Newscast for Wednesday, August 3, 2011

  • Congress breaks for recess; Leaving FAA unfunded
  • Former Egyptian President Mubarak appears in court
  • Iraqi lawmakers considering extending US troop presence beyond end of 2011
  • Inuits in Greenland struggle to maintain their traditional ways

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UN Security Council condemns government of Syria

The UN Security Council today resolved to condemn the government of Syrian President Bashar Al-Assad.  A European representative spoke after the vote.

“Today the Security Council unanimously condemned the widespread violation of human rights and the violence by the Syrian authorities against its people.”

Officials said Syria must move towards stability.

“This will only be achieved through the immediate cessation of violence and the implementation, without delay, of profound political reforms, respect of human rights and fundamental liberties, and genuine accountability for atrocities against protesters.”

The UN action happened as government tanks swarmed the Syrian city of Hama.  Video posted by Russia Today shows massive tanks rolling through deserted streets.  This is the third consecutive day of shelling in the city, which has strong support for the opposition.  Global media reports more than 100 people have been killed there since Sunday.

Kashmir general strike over death of shopkeeper in Indian custody

Cities and towns in Indian administered Kashmir shut down today, as separatists called for a strike to protest the killing of a young shopkeeper while in police custody.  The region is witnessing a relatively peaceful summer this year, and authorities have been proactive in trying to stave off unrest.  FSRN’s Shahnawaz Khan reports from Kashmir.

Normal life came to a standstill in most towns in Indian administered Kashmir, including summer capital Srinagar.  Public transport remained off the roads and businesses were closed.  For the northern town of Sopore, where Nazim Rashid died in police custody on Sunday, it was fourth day of shutdown.  Rashid’s family says he died while being tortured.  Minor clashes between police and protestors were reported in some areas.  Today’s shutdown was called by top hardline separatist Syed Ali Shah Geelani.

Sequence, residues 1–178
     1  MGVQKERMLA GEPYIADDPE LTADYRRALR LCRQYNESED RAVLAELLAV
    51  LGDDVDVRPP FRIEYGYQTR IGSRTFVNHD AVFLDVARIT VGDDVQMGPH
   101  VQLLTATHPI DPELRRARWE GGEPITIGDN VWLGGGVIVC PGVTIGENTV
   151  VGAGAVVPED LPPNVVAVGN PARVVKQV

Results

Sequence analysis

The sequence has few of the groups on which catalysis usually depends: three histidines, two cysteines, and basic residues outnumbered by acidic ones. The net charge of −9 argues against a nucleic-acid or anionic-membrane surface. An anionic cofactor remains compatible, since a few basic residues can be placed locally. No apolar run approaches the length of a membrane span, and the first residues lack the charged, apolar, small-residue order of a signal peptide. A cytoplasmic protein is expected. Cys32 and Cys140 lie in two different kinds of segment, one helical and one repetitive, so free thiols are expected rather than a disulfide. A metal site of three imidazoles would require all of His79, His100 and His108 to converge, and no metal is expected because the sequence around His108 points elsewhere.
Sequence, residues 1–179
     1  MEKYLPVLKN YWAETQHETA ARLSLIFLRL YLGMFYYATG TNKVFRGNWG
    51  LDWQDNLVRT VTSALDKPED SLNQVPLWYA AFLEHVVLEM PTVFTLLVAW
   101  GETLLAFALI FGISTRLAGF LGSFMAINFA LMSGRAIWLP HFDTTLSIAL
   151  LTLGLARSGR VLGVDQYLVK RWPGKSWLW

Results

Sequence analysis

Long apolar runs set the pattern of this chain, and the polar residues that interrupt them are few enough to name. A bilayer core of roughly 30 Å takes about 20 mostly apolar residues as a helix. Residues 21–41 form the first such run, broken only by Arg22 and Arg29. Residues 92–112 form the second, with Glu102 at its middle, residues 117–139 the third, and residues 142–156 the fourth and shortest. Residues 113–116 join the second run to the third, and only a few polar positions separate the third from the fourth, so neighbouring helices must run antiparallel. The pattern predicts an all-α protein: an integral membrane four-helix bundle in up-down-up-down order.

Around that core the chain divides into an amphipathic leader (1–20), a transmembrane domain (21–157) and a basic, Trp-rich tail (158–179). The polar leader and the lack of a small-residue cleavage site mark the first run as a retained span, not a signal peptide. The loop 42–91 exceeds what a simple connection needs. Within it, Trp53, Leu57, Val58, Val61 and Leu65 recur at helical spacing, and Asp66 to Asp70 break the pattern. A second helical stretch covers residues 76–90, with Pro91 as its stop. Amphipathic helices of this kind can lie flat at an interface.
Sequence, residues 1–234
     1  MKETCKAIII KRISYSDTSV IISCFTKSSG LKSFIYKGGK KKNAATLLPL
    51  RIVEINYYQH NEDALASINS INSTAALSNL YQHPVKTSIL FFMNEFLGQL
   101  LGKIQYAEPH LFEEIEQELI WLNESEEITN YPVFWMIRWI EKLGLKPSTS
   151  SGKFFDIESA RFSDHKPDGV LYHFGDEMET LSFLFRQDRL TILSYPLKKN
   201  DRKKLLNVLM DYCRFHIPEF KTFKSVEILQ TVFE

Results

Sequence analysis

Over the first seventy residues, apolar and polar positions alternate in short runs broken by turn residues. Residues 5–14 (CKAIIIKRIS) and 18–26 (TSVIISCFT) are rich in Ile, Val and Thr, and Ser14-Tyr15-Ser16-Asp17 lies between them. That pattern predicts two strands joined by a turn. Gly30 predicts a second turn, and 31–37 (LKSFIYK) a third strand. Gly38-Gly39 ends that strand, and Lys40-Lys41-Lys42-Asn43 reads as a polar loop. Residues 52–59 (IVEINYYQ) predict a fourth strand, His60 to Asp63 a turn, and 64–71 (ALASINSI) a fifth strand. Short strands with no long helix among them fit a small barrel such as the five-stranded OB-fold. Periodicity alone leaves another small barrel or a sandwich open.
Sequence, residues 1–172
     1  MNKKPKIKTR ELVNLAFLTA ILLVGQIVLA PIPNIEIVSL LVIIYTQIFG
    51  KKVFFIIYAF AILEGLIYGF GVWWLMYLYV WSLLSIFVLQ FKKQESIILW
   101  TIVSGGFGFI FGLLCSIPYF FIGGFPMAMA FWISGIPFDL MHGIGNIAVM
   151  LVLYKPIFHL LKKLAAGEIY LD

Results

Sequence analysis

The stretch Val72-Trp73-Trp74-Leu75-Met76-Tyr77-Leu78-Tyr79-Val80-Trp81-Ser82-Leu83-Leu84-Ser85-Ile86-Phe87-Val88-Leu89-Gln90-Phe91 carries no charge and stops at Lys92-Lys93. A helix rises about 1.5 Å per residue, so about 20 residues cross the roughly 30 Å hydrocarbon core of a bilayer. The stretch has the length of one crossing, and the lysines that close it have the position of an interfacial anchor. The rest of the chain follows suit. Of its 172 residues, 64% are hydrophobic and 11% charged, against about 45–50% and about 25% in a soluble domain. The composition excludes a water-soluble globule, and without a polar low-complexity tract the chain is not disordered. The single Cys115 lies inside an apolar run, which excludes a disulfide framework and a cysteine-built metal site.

Wary of letting a peaceful summer turn violent, authorities have promised action.  Three policemen involved in the arrest of the youth have been suspended, a murder case investigation has been opened, and a top police official transferred. The government has also put separatist leaders under house arrest, preventing them from visiting Sopore or leading protest marches. Shahnawaz Khan, FSRN, Srinagar.

Guatemalan soldiers sentenced for war crimes committed during civil war

A Guatemalan High Court has sentenced four soldiers to thousands of years in jail for their part in a 1982 massacre.  FSRN’s Tim Russo brings us more from Guatemala

Late Tuesday, the court found four Guatemalan Special Forces Soldiers, known as Kaibiles, guilty of the 1982 murder and massacre of 201 campesinos from the Dos Erres community in the northern part of the country.  The four soldiers, who continued to claim their innocence after the trial, were each sentenced to 30 years for every victim, totaling more than 6000 years in prison per soldier.

The sentencing is the first time soldiers have been held accountable for crimes committed during the 36-year civil war.  The UN recognized Dos Erres as one of 660 villages literally wiped off the map by the military’s “Scorched Earth” policy.

Family members of the victims and human rights organizations hope that this ruling will open a new chapter in Guatemalan history that helps bring to justice those responsible for crimes against humanity during the war.  But some still say the soldiers are taking the fall for the officials who ordered the massacre.  They have yet to stand trial. Tim Russo, FSRN, Guatemala.